To prevent additional pain from gallbladder contractions during gallbladder attack, do not eat anything and drink only plain water [10].


There are no specific foods to eat or avoid that would prevent gallbladder pain. Avoiding large, especially fatty, meals [16] and coffee [19] may help prevent recurrent pain attacks caused by gallstones.

Avoiding Stress

In some individuals diagnosed with gallbladder dyskinesia or sphincter of Oddi dysfunction, avoiding stress and learning how to cope with it can prevent pain.

Home Remedies

Remedies that may help relieve gallbladder pain, according to anecdotal reports:

  • A heating pad or castor oil compress
  • Hot bath

There is no reliable scientific evidence that gallbladder flush or cleanse using the following herbs or beverages helps to ease gallbladder pain [9,14]: alfalfa, apple cider vinegar, apple juice, a mixture of beet, carrot and cucumber juice, barberry bark, calendula, catnip, chamomile tea, chicory, dandelion, Epsom salt, fennel seed, garlic, ginger, goldenseal, honey with turmeric, lemonade, milk thistle, nettle, olive oil, peppermint tea, psyllium, quebra pedra, rosemary, salt water, St. John’s Wort, wild yam root, yellow dock and yellow root.

Surgical Gallbladder Removal (Cholecystectomy)

Gallstones that cause recurrent pain or inflammation, and gallbladder cancer are treated by gallbladder removal.

  • References

      1. Gallbladder  InnerBody
      2. Steel PAD, Acute Cholecystitis and Biliary Colic  Emedicine
      3. Heuman DM, Gallstones (Cholelithiasis)  Emedicine
      4. Heuman DM, Gallstones (Cholelithiasis), Clinical Presentation  Emedicine
      5. Gallstones and cholecystitis  Patient.info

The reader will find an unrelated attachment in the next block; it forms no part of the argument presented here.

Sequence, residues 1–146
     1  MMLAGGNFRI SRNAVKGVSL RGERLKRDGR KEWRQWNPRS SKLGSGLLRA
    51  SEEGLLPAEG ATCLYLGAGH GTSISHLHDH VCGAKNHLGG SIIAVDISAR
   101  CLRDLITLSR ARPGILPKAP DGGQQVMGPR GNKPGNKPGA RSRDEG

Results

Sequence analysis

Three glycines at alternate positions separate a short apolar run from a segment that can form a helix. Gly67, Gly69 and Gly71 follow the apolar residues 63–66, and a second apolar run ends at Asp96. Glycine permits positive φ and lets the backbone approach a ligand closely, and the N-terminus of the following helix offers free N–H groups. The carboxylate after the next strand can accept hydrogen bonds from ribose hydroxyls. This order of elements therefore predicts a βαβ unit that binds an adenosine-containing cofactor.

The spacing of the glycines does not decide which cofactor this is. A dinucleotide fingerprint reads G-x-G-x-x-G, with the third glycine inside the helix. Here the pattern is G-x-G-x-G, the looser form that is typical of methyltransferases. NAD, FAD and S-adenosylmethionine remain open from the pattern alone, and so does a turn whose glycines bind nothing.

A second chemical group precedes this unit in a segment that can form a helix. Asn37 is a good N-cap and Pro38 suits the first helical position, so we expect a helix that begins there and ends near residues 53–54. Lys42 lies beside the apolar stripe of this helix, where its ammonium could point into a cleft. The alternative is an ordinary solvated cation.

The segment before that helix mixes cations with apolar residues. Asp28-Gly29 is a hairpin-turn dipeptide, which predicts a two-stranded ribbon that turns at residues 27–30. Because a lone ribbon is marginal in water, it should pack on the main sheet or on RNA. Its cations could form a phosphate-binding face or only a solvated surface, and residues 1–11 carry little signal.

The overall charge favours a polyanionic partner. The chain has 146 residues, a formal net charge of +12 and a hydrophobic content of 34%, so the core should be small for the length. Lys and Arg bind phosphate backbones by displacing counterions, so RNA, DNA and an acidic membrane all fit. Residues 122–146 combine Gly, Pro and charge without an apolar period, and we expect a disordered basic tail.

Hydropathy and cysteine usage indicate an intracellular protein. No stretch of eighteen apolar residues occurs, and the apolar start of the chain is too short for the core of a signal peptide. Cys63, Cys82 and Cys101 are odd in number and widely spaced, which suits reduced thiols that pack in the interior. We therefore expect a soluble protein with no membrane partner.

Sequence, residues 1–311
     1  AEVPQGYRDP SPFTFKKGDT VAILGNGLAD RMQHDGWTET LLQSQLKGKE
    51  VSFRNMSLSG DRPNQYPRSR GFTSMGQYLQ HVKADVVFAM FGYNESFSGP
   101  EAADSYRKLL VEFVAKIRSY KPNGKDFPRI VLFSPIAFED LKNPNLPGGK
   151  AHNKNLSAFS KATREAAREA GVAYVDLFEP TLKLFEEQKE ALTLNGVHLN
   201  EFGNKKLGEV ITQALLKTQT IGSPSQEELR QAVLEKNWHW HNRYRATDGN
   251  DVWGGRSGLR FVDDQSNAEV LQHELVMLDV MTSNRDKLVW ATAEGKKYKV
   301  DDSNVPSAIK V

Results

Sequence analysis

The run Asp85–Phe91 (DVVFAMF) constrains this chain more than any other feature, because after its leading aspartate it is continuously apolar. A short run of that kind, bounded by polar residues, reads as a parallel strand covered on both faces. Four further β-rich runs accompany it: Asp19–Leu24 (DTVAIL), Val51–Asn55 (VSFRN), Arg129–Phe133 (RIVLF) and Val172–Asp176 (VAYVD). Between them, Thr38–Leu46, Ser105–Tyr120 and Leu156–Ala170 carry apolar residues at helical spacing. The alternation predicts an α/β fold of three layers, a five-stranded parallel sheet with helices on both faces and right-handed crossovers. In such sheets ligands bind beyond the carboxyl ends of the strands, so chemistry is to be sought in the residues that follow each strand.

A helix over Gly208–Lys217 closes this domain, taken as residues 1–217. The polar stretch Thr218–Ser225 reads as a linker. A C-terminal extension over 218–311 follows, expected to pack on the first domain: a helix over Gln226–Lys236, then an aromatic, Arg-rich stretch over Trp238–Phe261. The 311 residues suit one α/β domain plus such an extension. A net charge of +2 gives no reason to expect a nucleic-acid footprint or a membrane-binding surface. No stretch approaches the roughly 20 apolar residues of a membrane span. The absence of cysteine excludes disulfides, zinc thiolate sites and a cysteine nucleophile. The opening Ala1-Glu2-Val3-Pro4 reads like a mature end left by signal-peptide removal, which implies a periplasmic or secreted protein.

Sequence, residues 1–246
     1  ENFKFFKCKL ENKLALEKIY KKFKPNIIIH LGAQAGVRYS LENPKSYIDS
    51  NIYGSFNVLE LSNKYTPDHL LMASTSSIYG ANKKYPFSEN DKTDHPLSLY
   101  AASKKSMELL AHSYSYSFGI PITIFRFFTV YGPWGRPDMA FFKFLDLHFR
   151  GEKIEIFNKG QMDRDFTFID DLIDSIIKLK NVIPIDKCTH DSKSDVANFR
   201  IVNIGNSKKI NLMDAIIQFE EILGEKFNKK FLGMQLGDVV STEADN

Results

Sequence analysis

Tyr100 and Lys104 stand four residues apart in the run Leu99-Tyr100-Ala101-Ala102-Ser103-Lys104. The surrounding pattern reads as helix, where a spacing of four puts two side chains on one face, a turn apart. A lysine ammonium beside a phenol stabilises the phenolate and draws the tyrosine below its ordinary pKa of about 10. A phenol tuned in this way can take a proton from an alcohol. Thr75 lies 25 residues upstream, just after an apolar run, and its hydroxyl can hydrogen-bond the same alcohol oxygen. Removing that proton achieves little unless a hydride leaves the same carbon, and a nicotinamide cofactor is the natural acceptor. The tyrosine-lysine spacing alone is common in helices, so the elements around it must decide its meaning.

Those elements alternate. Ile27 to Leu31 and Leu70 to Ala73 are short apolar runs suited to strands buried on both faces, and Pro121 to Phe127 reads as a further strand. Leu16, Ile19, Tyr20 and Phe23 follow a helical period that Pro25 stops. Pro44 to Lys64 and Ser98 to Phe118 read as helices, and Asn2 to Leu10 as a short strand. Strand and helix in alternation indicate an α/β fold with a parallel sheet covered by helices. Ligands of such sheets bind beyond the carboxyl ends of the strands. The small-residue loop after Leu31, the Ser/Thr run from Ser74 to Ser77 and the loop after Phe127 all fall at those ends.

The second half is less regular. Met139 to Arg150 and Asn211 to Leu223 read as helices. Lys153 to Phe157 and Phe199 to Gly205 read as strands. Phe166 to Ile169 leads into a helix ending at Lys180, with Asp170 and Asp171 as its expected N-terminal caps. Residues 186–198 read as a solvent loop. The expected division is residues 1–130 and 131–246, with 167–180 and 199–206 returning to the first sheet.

6. Rana SR et al, 2012, Role of endoscopic ultrasound in idiopathic acute pancreatitis with negative ultrasound, computed tomography, and magnetic resonance cholangiopancreatography  PubMed Central
      7. Babb M et al, 2010, Treating pain during pregnancy  PubMed Central
      8. Kennedy D et al, 2011, Analgesics and pain relief in pregnancy and breastfeeding  Australian Prescriber
      9. Picco MF, What is a gallbladder cleanse? Is it an effective way to flush out gallstones?  Mayo Clinic
      10. Acute cholecystitis  NHS.uk
      11. 2014, Biliary colic and complications from gallstones  The Best Practice Advocacy Centre New Zealand
      12. Heuman DM; Gallstones (Cholelithiasis), Workup  Emedicine
      13. Gallstones  Merck Manuals Home Edition
      14. Nutritional Approaches to Prevention and Treatment of Gallstones  Alternative Medicine Review
      15. Brunetti JC, Imaging of Gallstones (Cholelithiasis)  Emedicine
      16. Gallstones  NIDDK
      17. Gallstones symptoms and causes  Mayo Clinic
      18. Johnston MJ et al, 2013, Outpatient management of biliary colic: A prospective observational study of prescribing habits and analgesia effectiveness  ScienceDirect
      19. Douglas BR et al, 1990, Coffee stimulation of cholecystokinin release and gallbladder contraction in humans  PubMed
      20. Gallstones  Merck Manuals Home Edition
      21. Zakko SF et al, 2016, Functional gallbladder disorder in adults  UpToDate
      22. Denshaw-Burke M, Gallbladder Cancer, Clinical Presentation  Emedicine

44 Responses to What does gallbladder pain feel like?

  1. J NORTON says:

    there is such a thing as karma Doctor look a the derivation of all of the words you use doctoring practice medication etc PURE EVIL

  2. Teresa says:

    I’m wondering if my gallbladder is acting up. Here are some of my symptoms. I had what I call reflux on and off for sometime. It can hit me out of the blue with intense burning pain that builds upwards under my breastbone into my throat and sometimes jaw. Been on the increase last couple nights has jolted me from sleep but can also happen during the daytime. Sometimes a drink of water will help. But I also have bouts of intense itching head to toe starting soon after a meal and dies down once this burning pain starts I’ve just started noticing the conection to the two. Over the counter ulcer antacids don’t seem to help.